The U.S. has identified eight areas in the Central Atlantic for potential wind development as the nation works to deploy 30 gigawatts (GW) of offshore wind capacity by 2030.
The draft wind energy areas (WEA) are part of the original 3.9 million-acre area shared by the Interior Department during public comment in April. The latest areas, released Nov. 16 by the Bureau of Ocean Energy Management (BOEM), span about 1.7 million acres offshore Delaware, North Carolina, Maryland and Virginia.
Further modifications could be made after receiving feedback.
“We want to gather as much information and traditional knowledge as possible to help us identify Wind Energy Areas—the offshore areas that are most suitable for commercial wind energy activities while having the fewest apparent environmental and user conflicts,” BOEM Director Amanda Lefton said in a statement.
The release of the draft wind energy areas kicks off a 30-day public comment period, which will include virtual meetings to gather input from stakeholders such as the fishing community and environmental groups. Potential conflicts already identified by BOEM include a “U.S. Coast Guard safety fairway for vessels, commercial fishing, a NASA danger zone, and marine habitat areas.”
News of the WEAs was welcomed by the National Ocean Industries Association, which President Erik Milito said successfully advocated the overturn of a 10-year offshore wind leasing moratorium from North Carolina to the Eastern Gulf of Mexico in the Inflation Reduction Act.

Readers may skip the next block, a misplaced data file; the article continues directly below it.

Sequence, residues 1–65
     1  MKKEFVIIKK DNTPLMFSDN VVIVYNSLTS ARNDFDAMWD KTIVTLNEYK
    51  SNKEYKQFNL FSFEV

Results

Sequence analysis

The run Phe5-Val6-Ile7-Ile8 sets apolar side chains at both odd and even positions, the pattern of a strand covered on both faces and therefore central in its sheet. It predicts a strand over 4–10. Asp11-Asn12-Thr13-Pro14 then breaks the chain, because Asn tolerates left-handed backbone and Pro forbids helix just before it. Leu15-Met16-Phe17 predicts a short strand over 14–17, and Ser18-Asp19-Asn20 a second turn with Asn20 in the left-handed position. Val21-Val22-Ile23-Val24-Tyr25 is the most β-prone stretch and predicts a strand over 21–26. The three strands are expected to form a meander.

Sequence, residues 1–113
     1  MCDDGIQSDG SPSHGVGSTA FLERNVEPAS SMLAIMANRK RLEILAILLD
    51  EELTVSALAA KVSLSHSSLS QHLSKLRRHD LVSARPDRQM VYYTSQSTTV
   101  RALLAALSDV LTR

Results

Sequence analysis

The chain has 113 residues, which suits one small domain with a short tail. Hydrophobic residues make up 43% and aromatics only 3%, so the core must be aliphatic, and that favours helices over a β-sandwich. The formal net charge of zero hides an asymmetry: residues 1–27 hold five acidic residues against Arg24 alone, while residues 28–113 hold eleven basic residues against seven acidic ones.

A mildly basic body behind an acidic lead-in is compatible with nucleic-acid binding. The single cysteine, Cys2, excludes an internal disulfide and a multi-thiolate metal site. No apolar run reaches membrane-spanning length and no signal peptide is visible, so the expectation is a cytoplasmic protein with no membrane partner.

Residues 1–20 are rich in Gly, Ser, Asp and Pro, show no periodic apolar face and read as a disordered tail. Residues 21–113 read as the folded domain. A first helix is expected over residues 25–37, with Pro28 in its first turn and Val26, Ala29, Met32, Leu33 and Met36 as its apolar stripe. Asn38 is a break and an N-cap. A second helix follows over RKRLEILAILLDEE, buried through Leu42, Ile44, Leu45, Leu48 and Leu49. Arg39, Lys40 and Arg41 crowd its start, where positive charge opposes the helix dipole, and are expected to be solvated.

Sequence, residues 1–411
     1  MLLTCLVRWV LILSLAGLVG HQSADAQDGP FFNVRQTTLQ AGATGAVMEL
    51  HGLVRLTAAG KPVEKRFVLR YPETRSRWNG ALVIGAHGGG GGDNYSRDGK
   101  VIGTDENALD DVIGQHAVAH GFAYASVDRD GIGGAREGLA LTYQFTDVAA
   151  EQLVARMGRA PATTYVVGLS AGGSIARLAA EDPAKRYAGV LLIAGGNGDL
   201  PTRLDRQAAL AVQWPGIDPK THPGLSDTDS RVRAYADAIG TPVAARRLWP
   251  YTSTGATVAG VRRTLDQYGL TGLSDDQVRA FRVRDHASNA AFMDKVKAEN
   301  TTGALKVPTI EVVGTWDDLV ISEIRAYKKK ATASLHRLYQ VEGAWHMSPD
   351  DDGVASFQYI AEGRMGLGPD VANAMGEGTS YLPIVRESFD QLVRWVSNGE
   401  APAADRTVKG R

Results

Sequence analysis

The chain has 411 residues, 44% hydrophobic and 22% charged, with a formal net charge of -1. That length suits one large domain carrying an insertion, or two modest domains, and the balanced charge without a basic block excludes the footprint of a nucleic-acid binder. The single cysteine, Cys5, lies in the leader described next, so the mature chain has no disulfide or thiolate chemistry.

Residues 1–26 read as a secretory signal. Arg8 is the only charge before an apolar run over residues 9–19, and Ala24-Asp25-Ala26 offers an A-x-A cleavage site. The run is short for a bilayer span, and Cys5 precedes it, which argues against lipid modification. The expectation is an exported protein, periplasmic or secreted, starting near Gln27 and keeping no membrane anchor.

“The $315 million Carolina Long Bay offshore wind lease sale shows how attractive the region is for offshore wind investments,” Milito said in a statement. “Today’s announcement will allow North Carolina and other coastal states to keep wind momentum going.”
The current draft wind energy areas were selected in collaboration with the National Oceanic and Atmospheric Administration’s National Centers for Coastal Ocean Science, using an ocean planning model that seeks to minimize conflicts, BOEM said.
The release comes as the Biden administration gears up for the nation’s first offshore wind lease sale in the Pacific, which could become home to commercial-scale floating wind developments. Scheduled for Dec. 6, five lease areas covering some 373,270 acres offshore central and northern California will be offered. BOEM has said the area has the potential to generate more than 4.5 GW off wind energy, enough to power 1.5 million homes.
With two finalized wind energy areas, the Gulf of Mexico is also up for potential wind development—offshore Galveston, Texas, and Lake Charles, Louisiana. A lease sale could be called sometime in 2023.
“Offshore wind is a national endeavor with national benefits,” Milito said. “The more offshore wind leases and the greater the geographical diversity of new American offshore wind projects, the greater the benefits will be to the national supply chain.”
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